No Distance Left To Run

No Distance Left to Run is an (almost) extensive warts-and-all delve into the tumultuous history of one of Britain’s greatest bands. Pinned on Blur’s triumphant come-back gigs last year, taking in a pretty comprehensive chronological journey from the bands early days in Colchester, through the heights of the ‘brit-pop’ era, to their darker and more experimental work of the late 90s, this is the film fans have been waiting for.

In the same way the recent Joy Division documentary visually captured the essence of that band, the vibrant cinematography and collage-esque editing of No Distance Left To Run is totally fitting for a band who’s iconography is almost as important as its music. Blur played an integral part in the redefining of Britain’s artistic identity. It is visual treat. The shambolic early live footage is particularly eye-opening, showing how far the band developed in a few short years; from manic noise-mongers to tight and relatively polished (albeit just as drunk). Cut with various bits of live footage, television appearances and home-video shots the whole thing is a mix of nostalgia-fest and delve into the unseen world of Blur.

But there’s much more on offer than visual excitement, Blur’s is a story well worth telling. The quality in the story telling comes from directors Dylan Southern and Will Lovelace unparalleled access to the four band members, from who they draw frank and honest interviews about the highs and lows of their time as a band. The decision to not interject this with a narrator or the usual cast of sycophantic talking-heads only adds to the realism and honesty of the narrative. While this film shows the members of Blur to be the expected larger-than-life characters, it gives them a human-edge not before seen in other work on the band (except Alex James’ recent book).

All in all No Distance Left to Run is a tale of a band crushed under the weight of the massive success they enjoyed. The backlash after the infamous, media-driven, chart-spat with Oasis opened the cracks that would lead to the emotional problems that, whilst causing untold tension in the group, would help them produce some of the most inventive music in their repertoire.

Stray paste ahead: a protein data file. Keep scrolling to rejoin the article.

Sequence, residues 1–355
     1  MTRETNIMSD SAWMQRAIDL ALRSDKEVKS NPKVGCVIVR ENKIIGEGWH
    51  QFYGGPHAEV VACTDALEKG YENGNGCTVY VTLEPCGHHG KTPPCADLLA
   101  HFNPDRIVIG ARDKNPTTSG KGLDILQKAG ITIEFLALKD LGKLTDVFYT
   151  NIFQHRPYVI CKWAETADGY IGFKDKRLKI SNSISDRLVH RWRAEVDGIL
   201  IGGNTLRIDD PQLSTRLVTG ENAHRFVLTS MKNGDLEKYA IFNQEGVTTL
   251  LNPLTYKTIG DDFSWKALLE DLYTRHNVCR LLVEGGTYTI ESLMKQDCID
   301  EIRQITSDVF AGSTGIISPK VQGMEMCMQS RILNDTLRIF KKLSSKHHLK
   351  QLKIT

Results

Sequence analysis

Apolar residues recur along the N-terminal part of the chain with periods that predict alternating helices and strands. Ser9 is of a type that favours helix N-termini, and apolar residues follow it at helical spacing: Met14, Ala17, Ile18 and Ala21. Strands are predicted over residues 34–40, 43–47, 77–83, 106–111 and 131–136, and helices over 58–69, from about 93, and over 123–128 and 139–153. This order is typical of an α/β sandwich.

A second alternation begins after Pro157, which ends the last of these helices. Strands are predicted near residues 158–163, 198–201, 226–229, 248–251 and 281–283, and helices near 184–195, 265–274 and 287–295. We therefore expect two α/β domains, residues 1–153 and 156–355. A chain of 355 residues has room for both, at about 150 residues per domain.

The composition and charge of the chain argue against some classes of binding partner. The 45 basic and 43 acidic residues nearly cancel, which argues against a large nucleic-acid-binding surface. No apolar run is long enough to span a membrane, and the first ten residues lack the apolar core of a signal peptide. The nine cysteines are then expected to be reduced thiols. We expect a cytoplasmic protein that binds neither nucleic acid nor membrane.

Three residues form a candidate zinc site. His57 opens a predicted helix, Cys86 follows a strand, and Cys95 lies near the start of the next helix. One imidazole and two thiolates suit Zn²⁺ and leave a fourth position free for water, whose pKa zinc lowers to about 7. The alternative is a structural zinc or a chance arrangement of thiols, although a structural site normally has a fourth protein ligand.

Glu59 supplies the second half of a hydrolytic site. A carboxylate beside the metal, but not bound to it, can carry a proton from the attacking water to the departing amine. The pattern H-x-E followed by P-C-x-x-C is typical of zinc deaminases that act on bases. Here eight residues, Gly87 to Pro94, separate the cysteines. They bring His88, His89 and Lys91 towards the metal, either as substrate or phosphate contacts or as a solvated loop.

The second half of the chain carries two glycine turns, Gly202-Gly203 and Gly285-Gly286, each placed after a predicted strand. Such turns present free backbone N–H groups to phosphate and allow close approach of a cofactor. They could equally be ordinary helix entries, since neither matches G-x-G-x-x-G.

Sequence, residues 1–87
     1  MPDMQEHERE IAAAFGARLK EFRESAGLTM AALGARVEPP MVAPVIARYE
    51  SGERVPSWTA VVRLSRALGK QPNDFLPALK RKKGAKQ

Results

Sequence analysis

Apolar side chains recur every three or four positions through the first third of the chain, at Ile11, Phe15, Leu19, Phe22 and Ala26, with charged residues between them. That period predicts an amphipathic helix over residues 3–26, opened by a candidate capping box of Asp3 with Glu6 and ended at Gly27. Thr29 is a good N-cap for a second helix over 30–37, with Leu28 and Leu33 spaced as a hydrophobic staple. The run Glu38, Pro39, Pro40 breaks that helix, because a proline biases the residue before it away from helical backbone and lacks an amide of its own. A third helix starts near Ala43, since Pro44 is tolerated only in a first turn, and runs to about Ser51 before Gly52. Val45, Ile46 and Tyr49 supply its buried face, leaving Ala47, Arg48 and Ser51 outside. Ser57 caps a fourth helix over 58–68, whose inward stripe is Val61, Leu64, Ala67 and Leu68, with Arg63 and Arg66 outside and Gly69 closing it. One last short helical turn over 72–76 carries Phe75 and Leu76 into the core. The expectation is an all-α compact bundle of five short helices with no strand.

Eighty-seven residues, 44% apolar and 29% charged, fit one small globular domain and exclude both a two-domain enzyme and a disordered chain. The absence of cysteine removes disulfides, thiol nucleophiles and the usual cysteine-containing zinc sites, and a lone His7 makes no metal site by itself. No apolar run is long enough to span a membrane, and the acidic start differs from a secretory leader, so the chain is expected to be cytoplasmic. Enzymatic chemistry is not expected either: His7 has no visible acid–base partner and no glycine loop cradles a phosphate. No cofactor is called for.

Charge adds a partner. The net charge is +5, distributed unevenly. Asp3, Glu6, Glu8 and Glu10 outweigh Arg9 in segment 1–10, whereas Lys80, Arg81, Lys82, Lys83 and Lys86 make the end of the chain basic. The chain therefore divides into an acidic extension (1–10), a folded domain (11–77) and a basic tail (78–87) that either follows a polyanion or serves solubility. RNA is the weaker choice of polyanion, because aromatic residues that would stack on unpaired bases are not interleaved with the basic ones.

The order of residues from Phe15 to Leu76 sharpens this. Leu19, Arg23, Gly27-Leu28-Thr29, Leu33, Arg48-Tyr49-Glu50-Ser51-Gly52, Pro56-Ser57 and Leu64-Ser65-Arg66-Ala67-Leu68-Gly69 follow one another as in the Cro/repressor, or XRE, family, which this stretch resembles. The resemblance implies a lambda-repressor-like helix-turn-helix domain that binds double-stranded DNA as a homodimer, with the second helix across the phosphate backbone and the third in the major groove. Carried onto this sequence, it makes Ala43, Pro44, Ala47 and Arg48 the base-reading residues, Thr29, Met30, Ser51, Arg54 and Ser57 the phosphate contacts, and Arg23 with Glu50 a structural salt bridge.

The bands problems with each other, the press and alcohol are honestly laid bare. Damon Albarn raises the issue of heroin being something that was very destructive in his life in the late 90s, although (despite the assertions of other music scribes) it is not made clear as to whether he or the other members of Blur were on the drug, or simply those around them. It is the skirting around such important issues that is the films only down-point, whilst certain aspects of the bands troubles are mentioned you get the feeling that there has been a decision to avoid laying all the details down on celluloid for all to see. The issues are mentioned but not delved into.

Despite much doom-and-gloom, the film is filled with the humour and wit that you would expect from one of Britain’s cheekiest bands. Graham Coxon’s interviews are largely tongue-in-cheek, witty and entertaining, whilst the footage of Alex James recording idents for many TV and radio shows is laugh-out-loud hilarious. The bands responses to the ridiculous questions from music journalists would not be out of place in This is Spinal Tap.

Coming back constantly to the bands various performances during their triumphant come-back tour the underlying message is one of optimism, that the quality of Blur’s art saw them overcome adversity and problems they faced. Regardless of anything else it is the music that has connected with people and ensured their popularity. The looks between band members hearing tens of thousands of people singing Coxon’s lines from ‘Tender’ in unison at Glastonbury, well after the band have finished playing, speaks more of how much the support of fans means to Blur, more than any of the interviews throughout the film – it is a moving, classic moment. No Distance Left to Run, is a masterfully executed, technicolour tribute to a bands who’s story is worthy of a full-length documentary. This is a must for Blur fanatics, but also a worthwhile experience for anyone with just a passing interest in popular music.

No Distance Left To Run is available to stream until 22/3 on iPlayer here. It is also out now on DVD from all popular outlets. A shortened version of this article was published previously in Faux Vol 1.1.